Rangers Football Club has confirmed that Fernando Ricksen has tragically died at just 43 following a long battle with Motor Neurone Disease (MND).

His fight with the debilitating disease not only brought the Scottish footballing community together, it united both sides of the Old Firm.

Born in Heerlen on July 27, 1976, the footballer is best known for his six-year spell at Glasgow Rangers Football Club where he won seven trophies. He came from Dutch side AZ Alkmaar for a fee of £3.75million in 2000. He also made his mark playing for Fortuna Sittard and Zenit St Petersburg where he won the Russian Premier League crown.

The former Rangers captain’s career with the Ibrox side peaked during the 2004/2005 season when he jointly won the SPFA player of the year with Celtic’s John Hartson after scoring nine goals from midfield in 40 appearances for the club. That same year Rangers went on to win the league and league cup double.

As well as being a hero at club level, he also turned out 12 times for his country The Netherlands. His role in international football has been immortalised in an Orange Wall of Fame in the Netherlands among the likes of Ronald and Frank De Boer, Clarence Seedorf and Johan Cruyff.

READ MORE: Fernando Ricksen: As defiant in life as he was on the pitch 

But it was his fight off field that caught the admiration of football fans across Scotland and the world after Ricksen was diagnosed with MND in October, 2013. At the time he was given only 18 months to live but in true testament to his strength and courage, he battled on to fight the muscle-wasting condition for several more years.

He found new ways to manage living with MND including the use of a  voice-computer to communicate, similar to the one used by Professor Stephen Hawking and he continued to delight fans with public appearances at various fundraising events.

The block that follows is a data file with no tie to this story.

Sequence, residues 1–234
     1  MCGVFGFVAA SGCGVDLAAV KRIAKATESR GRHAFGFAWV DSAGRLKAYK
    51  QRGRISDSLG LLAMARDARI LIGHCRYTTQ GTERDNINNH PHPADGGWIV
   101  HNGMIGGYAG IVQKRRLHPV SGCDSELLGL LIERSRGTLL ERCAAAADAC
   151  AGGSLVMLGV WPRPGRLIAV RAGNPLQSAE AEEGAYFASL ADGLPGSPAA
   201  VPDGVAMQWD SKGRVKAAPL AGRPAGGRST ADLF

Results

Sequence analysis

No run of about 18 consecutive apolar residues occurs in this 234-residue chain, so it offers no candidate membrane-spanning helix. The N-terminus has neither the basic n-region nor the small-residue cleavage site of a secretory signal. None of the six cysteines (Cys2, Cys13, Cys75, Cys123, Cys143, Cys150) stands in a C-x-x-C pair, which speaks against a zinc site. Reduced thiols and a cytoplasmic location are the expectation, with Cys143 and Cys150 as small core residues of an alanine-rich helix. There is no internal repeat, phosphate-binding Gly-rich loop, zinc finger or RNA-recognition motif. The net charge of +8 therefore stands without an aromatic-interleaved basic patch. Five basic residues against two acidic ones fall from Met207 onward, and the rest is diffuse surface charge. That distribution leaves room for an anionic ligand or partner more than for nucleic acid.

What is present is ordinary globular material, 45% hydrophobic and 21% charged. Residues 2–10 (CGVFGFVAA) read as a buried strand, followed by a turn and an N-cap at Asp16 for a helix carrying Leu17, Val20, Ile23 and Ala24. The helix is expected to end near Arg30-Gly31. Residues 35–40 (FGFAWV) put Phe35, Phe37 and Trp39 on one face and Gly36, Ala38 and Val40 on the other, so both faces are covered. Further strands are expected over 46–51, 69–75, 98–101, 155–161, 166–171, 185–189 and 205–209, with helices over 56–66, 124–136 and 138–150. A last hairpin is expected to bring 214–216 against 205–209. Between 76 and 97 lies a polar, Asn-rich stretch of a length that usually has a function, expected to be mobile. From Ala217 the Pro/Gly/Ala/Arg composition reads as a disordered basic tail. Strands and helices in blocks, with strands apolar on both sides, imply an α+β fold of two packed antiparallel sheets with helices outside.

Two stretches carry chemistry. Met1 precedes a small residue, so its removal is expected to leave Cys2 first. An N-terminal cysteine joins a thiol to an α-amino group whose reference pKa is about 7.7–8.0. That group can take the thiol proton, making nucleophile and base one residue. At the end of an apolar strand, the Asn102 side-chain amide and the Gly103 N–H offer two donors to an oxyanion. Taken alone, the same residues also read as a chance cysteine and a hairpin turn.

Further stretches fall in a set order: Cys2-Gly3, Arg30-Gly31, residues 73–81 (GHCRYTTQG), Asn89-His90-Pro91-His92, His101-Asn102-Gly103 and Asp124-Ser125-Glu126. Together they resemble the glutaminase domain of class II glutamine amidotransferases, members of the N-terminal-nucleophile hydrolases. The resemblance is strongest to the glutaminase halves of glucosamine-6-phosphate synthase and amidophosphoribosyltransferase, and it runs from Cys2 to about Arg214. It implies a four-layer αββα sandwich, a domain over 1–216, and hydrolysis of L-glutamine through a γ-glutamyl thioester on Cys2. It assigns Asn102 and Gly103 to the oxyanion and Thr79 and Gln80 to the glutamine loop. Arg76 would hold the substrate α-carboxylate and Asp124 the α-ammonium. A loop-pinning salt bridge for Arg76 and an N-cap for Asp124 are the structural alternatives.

The Fernando Ricksen Foundation was set up in his honour in June 2016 and promotes a message, which the star also had tattooed on his chest, “I am a warrior, a warrior with fighting spirit. I will never give up and never surrender.”

Fernando’s charity was set up with the aim to defeat the disease. In his mission statement for the charity, Fernando said: “I have always said: one day there will be a man who defeats MND. Let me be that man. Let me the first human being who gets the beast on its knees. I know, it’s everything but a fair battle. This disease, this demon, is lethal. So I can’t do it entirely on my own. I need support – your support! So please stand behind me. Only together we can kick MND in the balls.”

READ MORE: Motor neuron disease sufferer Fernando Ricksen honoured by thousands of fans at Rangers and England legends clash at Fleetwood

His life was captured in the moving documentary Fernando Ricksen – The Final Battle which was shot in his native Holland and Spain.

The Dutch warrior also signalled his final defiant move against MND by getting a tattoo on his neck to show he had the heart of a lion.